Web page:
Reflecting on Leading in Uncertainty

Reflecting on Leading in Uncertainty

Sonja Blignaut (Cognitive Edge) reflects on a recent conversation she hosted on leadership.


22 June 2020

Sonja Blignaut (Cognitive Edge) reflects on a recent conversation she hosted on leadership.

Along with the Tavistock Institute’s own CEO Eliat Aram, the diverse panel included Jennifer Garvey Berger and Mary Uhl-Bien. While each of the panellists brought a different perspective to the conversation, several threads emerged that captivated Sonja.

Metabolising complexity

Jennifer used the metaphor of metabolising complexity, with an interesting duality at play. Sometimes, we can perceive complexity as exciting. However, in other settings, we metabolise uncertainty and ambiguity as threatening. While we experience the same biochemical or somatic responses, like a burst of adrenalin, our meaning-making, the stories we tell ourselves as well as unconscious psychodynamic processes trigger entirely different reactions. It is clear that our responses are not entirely rational. This happens to all of us, and it calls on leaders to learn to become curious about their reactions and build their capacity to respond in more useful ways to complexity. In addition, they also need to focus on creating systems that scaffold the ability of others to respond differently to complexity. Leaders can do this by creating processes, tools, ways of interacting, heuristics etc. that help people metabolise complexity more as a nutrient that enables creativity and less as a poison.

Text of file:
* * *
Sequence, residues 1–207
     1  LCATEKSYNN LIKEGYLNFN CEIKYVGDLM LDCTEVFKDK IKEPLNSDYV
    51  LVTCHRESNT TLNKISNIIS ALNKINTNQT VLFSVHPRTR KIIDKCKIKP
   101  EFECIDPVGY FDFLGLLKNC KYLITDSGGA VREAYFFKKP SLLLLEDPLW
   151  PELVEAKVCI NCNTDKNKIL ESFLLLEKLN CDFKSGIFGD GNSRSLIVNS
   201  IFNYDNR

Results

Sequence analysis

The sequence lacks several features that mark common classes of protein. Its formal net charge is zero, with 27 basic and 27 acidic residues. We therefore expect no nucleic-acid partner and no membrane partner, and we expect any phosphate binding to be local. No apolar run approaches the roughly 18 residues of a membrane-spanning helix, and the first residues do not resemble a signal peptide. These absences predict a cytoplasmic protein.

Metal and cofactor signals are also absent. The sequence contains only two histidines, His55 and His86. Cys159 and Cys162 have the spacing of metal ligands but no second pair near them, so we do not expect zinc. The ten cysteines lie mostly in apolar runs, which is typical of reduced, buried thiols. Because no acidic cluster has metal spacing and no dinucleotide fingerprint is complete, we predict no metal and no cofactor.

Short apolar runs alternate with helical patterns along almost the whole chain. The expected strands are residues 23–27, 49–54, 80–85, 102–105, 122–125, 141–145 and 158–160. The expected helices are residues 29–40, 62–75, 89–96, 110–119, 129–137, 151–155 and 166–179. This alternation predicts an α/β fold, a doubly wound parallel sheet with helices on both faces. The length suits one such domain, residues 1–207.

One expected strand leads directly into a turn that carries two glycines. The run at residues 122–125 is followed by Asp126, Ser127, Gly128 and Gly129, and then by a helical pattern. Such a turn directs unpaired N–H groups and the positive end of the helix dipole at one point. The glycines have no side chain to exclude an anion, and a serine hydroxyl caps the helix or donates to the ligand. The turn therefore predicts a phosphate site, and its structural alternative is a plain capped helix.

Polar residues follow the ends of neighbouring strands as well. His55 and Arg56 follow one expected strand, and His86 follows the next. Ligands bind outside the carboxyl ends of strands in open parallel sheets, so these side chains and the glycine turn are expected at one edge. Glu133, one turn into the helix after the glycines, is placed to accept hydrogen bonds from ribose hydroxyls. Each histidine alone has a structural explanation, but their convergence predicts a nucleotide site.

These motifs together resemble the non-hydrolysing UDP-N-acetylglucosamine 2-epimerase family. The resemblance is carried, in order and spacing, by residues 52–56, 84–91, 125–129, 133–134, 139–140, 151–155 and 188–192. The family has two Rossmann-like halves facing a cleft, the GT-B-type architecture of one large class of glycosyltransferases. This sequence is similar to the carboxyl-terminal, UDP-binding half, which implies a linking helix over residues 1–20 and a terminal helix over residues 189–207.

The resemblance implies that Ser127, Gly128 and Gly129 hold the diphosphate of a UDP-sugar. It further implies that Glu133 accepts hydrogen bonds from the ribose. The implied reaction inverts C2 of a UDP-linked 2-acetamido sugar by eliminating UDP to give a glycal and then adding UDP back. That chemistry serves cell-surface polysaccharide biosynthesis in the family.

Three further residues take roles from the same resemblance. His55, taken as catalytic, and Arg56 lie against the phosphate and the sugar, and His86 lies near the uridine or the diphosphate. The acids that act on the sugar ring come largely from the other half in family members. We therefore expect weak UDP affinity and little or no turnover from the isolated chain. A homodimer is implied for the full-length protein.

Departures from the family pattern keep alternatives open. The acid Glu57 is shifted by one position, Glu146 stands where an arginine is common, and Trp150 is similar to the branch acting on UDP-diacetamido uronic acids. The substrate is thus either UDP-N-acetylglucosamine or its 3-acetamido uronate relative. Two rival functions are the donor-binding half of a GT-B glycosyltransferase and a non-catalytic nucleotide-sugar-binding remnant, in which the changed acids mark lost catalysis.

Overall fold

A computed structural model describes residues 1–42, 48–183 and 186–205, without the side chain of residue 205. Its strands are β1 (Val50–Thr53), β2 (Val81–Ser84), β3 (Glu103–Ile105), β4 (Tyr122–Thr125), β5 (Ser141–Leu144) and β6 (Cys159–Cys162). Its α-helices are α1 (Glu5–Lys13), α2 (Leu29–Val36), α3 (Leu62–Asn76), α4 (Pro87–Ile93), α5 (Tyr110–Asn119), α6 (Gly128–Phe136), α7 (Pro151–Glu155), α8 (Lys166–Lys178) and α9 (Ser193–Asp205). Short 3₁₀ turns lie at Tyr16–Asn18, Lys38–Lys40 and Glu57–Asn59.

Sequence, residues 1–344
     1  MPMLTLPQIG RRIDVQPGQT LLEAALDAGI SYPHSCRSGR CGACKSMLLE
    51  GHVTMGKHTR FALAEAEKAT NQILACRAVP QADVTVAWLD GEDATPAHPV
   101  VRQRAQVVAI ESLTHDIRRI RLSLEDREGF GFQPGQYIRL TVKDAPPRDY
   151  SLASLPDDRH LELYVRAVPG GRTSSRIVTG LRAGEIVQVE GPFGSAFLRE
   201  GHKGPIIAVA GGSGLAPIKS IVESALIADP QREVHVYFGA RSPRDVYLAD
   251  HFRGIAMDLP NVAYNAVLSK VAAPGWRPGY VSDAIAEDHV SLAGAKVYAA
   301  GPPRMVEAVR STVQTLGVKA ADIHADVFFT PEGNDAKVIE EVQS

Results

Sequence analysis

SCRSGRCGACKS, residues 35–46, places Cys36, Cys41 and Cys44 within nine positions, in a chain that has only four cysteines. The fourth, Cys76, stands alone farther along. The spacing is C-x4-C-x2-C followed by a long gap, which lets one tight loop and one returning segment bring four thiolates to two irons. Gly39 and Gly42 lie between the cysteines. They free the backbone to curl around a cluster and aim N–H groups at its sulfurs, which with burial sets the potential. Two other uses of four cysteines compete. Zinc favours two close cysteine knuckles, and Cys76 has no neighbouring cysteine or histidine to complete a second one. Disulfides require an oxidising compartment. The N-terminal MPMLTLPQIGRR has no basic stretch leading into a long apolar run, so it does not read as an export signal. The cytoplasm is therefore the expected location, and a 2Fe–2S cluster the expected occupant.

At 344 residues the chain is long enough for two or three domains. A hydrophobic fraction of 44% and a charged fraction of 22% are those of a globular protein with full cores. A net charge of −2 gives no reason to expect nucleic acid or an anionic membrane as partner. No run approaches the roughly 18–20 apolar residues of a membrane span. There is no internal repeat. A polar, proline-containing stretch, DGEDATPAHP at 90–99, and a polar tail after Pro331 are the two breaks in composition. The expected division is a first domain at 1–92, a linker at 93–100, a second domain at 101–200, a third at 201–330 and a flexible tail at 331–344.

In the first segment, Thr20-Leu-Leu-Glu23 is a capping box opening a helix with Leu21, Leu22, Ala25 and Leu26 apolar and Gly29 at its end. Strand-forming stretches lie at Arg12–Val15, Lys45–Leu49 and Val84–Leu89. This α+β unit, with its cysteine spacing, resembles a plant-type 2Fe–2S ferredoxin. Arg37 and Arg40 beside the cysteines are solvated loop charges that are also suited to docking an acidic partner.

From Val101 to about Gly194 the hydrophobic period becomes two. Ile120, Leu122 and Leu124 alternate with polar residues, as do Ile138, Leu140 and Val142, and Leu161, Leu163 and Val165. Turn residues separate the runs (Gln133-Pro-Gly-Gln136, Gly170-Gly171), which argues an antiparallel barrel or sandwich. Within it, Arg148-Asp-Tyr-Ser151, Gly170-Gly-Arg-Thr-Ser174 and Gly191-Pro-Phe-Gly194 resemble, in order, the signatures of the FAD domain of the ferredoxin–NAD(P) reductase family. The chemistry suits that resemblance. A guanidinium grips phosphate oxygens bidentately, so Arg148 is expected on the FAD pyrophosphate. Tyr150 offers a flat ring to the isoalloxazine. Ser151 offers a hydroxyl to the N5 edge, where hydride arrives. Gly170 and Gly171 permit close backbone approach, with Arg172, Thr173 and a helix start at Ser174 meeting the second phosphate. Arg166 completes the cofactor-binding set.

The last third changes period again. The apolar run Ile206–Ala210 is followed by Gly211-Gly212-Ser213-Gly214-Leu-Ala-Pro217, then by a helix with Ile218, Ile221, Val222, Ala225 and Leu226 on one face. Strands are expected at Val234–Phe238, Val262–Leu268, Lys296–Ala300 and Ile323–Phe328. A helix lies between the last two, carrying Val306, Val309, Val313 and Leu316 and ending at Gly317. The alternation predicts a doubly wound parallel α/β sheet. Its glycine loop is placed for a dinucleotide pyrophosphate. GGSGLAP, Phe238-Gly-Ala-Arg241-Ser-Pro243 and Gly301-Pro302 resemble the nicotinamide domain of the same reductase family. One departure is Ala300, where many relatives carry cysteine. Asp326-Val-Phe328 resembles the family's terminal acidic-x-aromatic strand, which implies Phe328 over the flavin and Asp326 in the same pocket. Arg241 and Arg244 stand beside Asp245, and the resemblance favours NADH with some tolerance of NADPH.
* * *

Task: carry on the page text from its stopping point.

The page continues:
One thing is clear, we need to increase our collective capacity to be in uncertainty and ambiguity without giving in to anxiety and other less helpful responses. If we don’t, those who promise certainty will always have a following.

Enabling leadership and adaptive responses

Mary gave an excellent description of Enabling Leadership and the process needed to nurture it in organisations –
It starts with normalising complexity and helping people understand that complexity is (and always has been) all around us and that it is not going away. Once we accept that, we can learn how to discern when we are dealing with something complex vs something ordered and the new approaches we need to adopt.

Ordered responses normally stamp out ambiguity, tension and difference in an effort to create certainty and stability. In complexity, these ordered responses are detrimental as they simply defer the complexity, create unintended consequences and reduce the overall fitness or resilience of the system. Instead, we need adaptive responses, and the task of enabling leadership is to create the conditions for adaptive responses to occur. Mary calls this adaptive space, and it is created in a dynamic between two processes: conflicting and connecting.